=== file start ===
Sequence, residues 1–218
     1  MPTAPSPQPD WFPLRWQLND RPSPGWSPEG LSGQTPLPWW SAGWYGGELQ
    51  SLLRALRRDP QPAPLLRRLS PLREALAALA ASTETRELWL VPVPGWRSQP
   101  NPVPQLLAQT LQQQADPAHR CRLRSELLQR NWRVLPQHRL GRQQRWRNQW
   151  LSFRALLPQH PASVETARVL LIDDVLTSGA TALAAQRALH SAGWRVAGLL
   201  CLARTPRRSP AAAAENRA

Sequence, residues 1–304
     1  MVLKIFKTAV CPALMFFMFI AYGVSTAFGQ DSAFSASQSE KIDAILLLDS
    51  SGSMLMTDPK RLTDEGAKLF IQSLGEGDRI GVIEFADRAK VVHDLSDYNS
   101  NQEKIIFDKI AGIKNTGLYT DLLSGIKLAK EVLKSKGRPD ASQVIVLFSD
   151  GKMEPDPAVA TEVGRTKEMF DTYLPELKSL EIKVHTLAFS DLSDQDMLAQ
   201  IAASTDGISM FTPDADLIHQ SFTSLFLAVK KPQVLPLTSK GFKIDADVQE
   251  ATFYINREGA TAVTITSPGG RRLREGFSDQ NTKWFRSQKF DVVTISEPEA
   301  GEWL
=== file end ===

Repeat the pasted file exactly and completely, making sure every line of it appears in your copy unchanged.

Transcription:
Sequence, residues 1–218
     1  MPTAPSPQPD WFPLRWQLND RPSPGWSPEG LSGQTPLPWW SAGWYGGELQ
    51  SLLRALRRDP QPAPLLRRLS PLREALAALA ASTETRELWL VPVPGWRSQP
   101  NPVPQLLAQT LQQQADPAHR CRLRSELLQR NWRVLPQHRL GRQQRWRNQW
   151  LSFRALLPQH PASVETARVL LIDDVLTSGA TALAAQRALH SAGWRVAGLL
   201  CLARTPRRSP AAAAENRA

Sequence, residues 1–304
     1  MVLKIFKTAV CPALMFFMFI AYGVSTAFGQ DSAFSASQSE KIDAILLLDS
    51  SGSMLMTDPK RLTDEGAKLF IQSLGEGDRI GVIEFADRAK VVHDLSDYNS
   101  NQEKIIFDKI AGIKNTGLYT DLLSGIKLAK EVLKSKGRPD ASQVIVLFSD
   151  GKMEPDPAVA TEVGRTKEMF DTYLPELKSL EIKVHTLAFS DLSDQDMLAQ
   201  IAASTDGISM FTPDADLIHQ SFTSLFLAVK KPQVLPLTSK GFKIDADVQE
   251  ATFYINREGA TAVTITSPGG RRLREGFSDQ NTKWFRSQKF DVVTISEPEA
   301  GEWL